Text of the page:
Mealtimes for Alzheimer’s patients: hand positioning all-important

The position of the carer’s hand when assisting at mealtimes makes a significant difference to the patient’s food intake.  

Nursing home residents who require assistance during mealtimes are at risk of malnutrition. Patients suffering from dementia, in particular, may refuse to eat or drink because they have problems swallowing or suffer from apraxia. A team of carers from the nationally ranked geriatric division of Duke University (North Carolina) compared three techniques for caring for patients with dementia. Their findings were published in the Journal of the American Geriatrics Society. 

Dementia requires a three-pronged approach 

According to the study, achieving successful mealtimes for a resident with dementia requires a unique set of skills:

  1. managing dysphagia and risk of aspiration
  2. interpreting and managing attitudes (e.g., turning head away, clamping mouth shut) 
  3. promoting independence in eating while providing adequate supportive handfeeding assistance to maintain nutritional intake. 

The recommendations evoke two main handfeeding techniques: 

  • Direct Hand: the carer holds the fork or spoon and feeds the patient;
  • Over Hand: the carer puts their hand over the patient’s, who holds the fork, and guides their movements. 

In a third technique, the carer holds their hand under the patient’s hand to guide it. 
The team of carers based in North Carolina compared the efficacy of the three techniques on assisting 30 Alzheimer’s sufferers (average age 88.5, 90% women) in 11 nursing homes. Each technique was tested over six consecutive meals (2 days). Duration of assistance, food intake and behaviour were recorded according to the Edinburgh Feeding Evaluation in Dementia scale. A total of 540 meals were filmed (18 per patient) and analysed.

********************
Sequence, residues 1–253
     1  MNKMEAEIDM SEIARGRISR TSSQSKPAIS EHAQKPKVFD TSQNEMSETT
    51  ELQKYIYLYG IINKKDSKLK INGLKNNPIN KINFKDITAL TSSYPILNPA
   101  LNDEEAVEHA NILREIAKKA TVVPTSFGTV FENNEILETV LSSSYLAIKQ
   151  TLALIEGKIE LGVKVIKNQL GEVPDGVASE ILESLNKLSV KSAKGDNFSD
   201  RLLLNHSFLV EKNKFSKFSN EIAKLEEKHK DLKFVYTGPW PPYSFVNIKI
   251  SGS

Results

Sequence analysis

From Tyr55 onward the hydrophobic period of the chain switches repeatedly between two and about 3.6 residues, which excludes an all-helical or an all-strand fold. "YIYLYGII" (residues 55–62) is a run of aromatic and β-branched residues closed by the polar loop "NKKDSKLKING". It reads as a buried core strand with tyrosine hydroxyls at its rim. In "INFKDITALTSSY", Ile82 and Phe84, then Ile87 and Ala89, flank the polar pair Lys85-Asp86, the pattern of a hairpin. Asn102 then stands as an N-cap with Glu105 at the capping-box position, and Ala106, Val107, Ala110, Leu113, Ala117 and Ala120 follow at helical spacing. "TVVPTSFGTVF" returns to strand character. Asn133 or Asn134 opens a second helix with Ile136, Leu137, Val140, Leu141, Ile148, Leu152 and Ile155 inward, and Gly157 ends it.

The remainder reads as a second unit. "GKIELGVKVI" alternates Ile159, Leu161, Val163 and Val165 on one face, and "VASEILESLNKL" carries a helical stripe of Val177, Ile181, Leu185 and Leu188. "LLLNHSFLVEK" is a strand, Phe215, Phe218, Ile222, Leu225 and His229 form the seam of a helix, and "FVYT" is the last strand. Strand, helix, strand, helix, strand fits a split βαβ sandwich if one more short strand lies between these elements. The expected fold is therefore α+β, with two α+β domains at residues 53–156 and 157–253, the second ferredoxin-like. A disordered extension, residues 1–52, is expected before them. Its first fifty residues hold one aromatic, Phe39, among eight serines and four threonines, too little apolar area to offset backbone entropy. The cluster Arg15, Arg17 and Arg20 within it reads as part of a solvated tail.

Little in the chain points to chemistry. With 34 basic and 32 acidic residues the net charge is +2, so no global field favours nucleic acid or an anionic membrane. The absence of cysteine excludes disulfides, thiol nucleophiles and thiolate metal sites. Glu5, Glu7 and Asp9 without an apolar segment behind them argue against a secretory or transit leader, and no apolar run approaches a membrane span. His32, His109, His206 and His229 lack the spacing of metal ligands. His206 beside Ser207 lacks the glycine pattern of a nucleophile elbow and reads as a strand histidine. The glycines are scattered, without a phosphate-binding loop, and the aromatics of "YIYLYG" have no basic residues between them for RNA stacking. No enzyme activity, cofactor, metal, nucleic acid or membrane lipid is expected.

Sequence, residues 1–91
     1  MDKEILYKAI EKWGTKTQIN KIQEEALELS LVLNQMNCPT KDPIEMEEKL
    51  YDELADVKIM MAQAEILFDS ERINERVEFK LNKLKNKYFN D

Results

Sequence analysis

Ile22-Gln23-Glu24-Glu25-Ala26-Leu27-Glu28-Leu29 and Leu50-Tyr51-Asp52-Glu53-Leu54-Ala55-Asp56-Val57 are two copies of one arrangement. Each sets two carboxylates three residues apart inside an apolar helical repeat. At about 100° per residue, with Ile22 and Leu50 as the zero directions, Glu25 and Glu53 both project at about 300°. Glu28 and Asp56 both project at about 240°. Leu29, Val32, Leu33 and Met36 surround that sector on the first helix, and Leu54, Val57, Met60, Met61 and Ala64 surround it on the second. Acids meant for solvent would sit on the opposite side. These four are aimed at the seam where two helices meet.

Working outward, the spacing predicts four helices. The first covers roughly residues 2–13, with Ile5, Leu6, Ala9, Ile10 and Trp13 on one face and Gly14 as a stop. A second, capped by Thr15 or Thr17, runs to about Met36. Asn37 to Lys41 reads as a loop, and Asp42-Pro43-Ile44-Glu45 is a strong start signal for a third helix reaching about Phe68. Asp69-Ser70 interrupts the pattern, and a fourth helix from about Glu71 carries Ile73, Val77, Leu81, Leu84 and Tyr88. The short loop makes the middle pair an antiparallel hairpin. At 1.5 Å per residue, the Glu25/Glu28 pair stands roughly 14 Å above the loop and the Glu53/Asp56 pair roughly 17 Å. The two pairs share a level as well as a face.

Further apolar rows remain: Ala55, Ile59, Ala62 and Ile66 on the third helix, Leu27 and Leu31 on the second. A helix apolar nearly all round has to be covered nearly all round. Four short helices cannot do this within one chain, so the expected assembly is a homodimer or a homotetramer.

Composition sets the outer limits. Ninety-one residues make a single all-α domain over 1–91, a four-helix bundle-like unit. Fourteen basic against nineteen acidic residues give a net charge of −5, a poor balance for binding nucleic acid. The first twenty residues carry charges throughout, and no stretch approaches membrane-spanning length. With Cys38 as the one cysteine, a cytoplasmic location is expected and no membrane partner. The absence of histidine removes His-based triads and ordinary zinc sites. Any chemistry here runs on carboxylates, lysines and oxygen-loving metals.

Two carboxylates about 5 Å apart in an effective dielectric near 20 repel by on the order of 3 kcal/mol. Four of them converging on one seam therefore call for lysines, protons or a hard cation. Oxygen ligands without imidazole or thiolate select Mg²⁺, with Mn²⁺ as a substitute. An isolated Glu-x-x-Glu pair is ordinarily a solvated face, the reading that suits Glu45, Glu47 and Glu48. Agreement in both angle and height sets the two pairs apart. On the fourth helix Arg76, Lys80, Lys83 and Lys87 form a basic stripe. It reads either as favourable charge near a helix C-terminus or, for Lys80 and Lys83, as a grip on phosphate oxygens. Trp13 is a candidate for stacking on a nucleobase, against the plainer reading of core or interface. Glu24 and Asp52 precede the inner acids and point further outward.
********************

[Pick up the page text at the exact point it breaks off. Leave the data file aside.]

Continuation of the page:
Placing the hand under the patient’s has advantages

The duration of assistance was the same whatever the technique (41–45 minutes). Food intake was best with the Direct Hand technique (67 ± 15.2%) and Under Hand (65 ± 15.0) compared to 60 ± 15.1% for the Over Hand technique. Refusal attitudes were more frequent with the Over Hand technique (8.3 ± 1.8%) compared to the Direct Hand technique (8.0 ±1.8%) and the Under Hand technique (7.7 ± 1.8%). The authors of the study recommend that the technique should be chosen according to the patient’s energy levels, physical abilities and preference. A different technique may be used on different days or for specific meals. In general, the Direct Hand or Under Hand methods are considered most effective. Of course, none of the techniques resolves the problem of the lack of time available for carers to spend on mealtime assistance.

Batchelor-Murphy, M. K., McConnell, E. S., Amella, E. J., Anderson, R. A., Bales, C. W., Silva, S., Barnes, A., Beck, C. and Colon-Emeric, C. S. (2017), Experimental Comparison of Efficacy for Three Handfeeding Techniques in Dementia. Journal of the American Geriatrics Society, 65: e89–e94. doi: 10.1111/jgs.14728